Figure 9. Spatial distribution of the average precipitation area RRav with different morphological characteristics: (a) L < 20 km; (b) 20 < L < 50 km; (c) L > 50 km; (d) α < 0.4; (e) 0.4 < α < 0.8; (f) α > 0.8; (g) γ < 0.4; (h) 0.4 < γ < 0.7; and (i) γ > 0.7.
The relationship between α and RRav (Figs. 9d–f) shows that RRav increases with increasing values of α, similar to that shown in Figs. 9a–c. As α increases to 0.8, the area with RRav < 1.4 mm h−1 decreases significantly. The RRav values of linear precipitation areas are almost all < 1.8 mm h−1 (Fig. 9d). By contrast, for the square-shaped precipitation areas, part of the central Tibetan Plateau has values of RRav > 2 mm h−1 and almost all of the eastern Tibetan Plateau is > 2 mm h−1 (Fig. 9f). According to our criteria, the typical example of isolated convective rain shown by Fu et al. (2006) is a square-shaped precipitation area. We therefore speculate that square-shaped precipitation systems are produced by the strong solar heating at flat areas over the Tibetan Plateau, and are continuously strengthened by the release of latent heat. However, some precipitation systems are blocked by topography and develop linearly along the mountain slope, which hinders energy transfer and weakens precipitation intensity.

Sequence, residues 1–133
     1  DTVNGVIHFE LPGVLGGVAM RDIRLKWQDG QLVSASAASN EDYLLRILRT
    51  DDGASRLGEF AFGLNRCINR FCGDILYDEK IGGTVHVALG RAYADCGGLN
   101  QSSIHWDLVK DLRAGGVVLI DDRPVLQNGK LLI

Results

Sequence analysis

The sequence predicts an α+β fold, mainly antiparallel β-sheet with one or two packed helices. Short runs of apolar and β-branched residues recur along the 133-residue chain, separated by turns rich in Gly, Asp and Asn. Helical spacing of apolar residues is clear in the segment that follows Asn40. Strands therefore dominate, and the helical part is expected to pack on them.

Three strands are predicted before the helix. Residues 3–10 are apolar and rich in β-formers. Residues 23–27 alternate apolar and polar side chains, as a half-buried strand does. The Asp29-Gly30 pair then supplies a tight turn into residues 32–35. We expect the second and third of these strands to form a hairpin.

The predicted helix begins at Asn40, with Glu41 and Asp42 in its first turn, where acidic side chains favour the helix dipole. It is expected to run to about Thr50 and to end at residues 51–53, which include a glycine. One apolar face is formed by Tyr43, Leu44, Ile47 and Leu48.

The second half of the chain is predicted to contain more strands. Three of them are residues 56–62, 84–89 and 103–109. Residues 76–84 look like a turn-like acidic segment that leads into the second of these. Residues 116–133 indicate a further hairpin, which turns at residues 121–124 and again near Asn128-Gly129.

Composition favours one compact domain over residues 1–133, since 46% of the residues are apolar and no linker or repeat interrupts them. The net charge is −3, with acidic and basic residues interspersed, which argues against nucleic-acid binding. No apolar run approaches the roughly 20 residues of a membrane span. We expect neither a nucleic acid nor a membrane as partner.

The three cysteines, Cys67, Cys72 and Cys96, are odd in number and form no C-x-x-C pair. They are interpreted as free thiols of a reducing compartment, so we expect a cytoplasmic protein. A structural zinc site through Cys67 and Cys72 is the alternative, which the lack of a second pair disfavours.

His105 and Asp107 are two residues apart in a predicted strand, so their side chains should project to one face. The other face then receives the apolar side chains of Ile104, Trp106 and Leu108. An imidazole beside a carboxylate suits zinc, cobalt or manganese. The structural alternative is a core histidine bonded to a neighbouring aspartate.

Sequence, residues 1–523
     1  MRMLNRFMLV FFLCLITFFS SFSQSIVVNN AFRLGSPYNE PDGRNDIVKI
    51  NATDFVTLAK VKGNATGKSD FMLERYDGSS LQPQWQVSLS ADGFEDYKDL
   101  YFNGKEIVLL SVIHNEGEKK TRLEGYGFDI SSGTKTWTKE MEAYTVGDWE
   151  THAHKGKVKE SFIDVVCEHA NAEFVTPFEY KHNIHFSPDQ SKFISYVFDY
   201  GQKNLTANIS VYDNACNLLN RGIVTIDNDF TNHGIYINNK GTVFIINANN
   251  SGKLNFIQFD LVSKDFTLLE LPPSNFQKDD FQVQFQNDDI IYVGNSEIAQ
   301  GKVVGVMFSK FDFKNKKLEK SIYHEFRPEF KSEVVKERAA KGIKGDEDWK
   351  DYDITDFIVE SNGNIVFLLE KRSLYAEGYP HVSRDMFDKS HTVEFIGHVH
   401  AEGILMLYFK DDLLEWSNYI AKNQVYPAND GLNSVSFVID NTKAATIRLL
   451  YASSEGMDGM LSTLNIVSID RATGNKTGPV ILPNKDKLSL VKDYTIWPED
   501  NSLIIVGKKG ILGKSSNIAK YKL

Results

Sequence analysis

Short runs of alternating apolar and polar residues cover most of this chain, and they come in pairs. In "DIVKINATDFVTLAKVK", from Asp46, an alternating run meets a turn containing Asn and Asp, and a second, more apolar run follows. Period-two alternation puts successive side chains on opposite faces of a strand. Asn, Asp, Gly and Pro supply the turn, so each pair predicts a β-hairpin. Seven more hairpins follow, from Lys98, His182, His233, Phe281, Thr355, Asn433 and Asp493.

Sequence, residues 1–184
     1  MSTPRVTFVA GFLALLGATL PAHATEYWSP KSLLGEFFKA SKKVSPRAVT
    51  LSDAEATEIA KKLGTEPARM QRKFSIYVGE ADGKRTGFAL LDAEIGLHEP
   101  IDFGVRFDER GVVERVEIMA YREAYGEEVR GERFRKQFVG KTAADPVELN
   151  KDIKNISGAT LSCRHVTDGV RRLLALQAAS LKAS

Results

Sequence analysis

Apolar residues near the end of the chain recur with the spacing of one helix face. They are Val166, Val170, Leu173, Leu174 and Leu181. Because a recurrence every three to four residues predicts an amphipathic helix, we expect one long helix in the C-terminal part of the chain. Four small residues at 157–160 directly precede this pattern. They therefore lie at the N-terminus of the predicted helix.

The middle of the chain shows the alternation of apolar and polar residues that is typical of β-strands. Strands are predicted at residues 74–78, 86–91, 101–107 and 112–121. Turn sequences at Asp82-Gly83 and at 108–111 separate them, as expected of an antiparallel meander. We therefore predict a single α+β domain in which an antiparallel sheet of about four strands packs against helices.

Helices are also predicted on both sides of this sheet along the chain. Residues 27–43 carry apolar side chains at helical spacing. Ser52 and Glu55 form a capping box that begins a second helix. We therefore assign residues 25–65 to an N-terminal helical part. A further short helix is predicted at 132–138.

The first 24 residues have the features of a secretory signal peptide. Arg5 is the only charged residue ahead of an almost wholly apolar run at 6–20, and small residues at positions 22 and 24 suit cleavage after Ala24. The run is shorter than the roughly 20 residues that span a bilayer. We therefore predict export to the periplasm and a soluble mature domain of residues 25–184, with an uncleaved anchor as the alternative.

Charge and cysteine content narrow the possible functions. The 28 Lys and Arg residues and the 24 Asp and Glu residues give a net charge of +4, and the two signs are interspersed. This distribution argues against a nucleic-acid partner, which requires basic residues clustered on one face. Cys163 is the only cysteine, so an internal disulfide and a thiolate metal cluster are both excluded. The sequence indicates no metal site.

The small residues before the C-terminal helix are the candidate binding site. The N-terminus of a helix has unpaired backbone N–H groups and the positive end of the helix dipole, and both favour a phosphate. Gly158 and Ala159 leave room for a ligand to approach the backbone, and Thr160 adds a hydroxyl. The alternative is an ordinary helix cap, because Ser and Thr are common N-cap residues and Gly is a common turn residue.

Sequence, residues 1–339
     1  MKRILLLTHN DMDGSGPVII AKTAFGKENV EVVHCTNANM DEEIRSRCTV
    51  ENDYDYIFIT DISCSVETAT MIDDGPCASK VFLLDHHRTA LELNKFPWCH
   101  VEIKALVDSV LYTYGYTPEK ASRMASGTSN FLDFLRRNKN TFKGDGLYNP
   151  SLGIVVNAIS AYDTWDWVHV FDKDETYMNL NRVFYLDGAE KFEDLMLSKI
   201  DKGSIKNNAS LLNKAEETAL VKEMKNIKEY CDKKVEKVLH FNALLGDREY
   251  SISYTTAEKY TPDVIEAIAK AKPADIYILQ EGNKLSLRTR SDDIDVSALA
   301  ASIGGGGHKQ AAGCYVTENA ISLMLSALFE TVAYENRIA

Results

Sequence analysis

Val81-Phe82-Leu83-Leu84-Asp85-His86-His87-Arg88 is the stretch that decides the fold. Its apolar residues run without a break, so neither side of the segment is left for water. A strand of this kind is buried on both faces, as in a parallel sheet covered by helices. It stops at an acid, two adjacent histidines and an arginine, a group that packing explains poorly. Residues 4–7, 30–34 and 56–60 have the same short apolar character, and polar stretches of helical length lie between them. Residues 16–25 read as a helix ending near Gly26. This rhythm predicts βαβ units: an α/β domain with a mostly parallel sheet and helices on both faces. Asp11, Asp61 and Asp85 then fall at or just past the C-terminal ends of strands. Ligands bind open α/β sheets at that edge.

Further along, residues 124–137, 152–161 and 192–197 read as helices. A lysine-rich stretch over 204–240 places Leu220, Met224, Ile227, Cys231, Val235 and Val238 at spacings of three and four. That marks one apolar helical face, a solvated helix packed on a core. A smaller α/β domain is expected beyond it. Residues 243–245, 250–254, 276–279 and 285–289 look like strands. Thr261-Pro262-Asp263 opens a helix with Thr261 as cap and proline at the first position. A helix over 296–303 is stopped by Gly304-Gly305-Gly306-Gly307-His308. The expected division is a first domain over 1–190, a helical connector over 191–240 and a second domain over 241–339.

With an increase in γ, RRav shows a tendency to first decrease and then increase. The thin-and-tall precipitation area in the northeast corner of the Tibetan Plateau (Fig. 9i) shows the largest RRav, which can reach >3 mm h−1. In the trumpet-shaped region, the thin-and-tall precipitation areas show a larger RRav than the other 3D morphologies of precipitation areas. We speculate that those thin-and-tall precipitation areas mainly appear in the daytime, corresponding to stronger surface heating and larger convective available potential energy than those in the plump-and-short precipitation areas. This phenomenon has been revealed by using CloudSat observations that the outflow height of deep convection systems is higher but the horizontal range is smaller over the southern slope of the Tibetan Plateau during daytime than those during nighttime (Chen et al., 2019). For precipitation areas with a moderate γ, RRav is < 1.8 mm h−1 in most regions of the Tibetan Plateau.
|L (km)||α||γ||RRav (mm h−1)|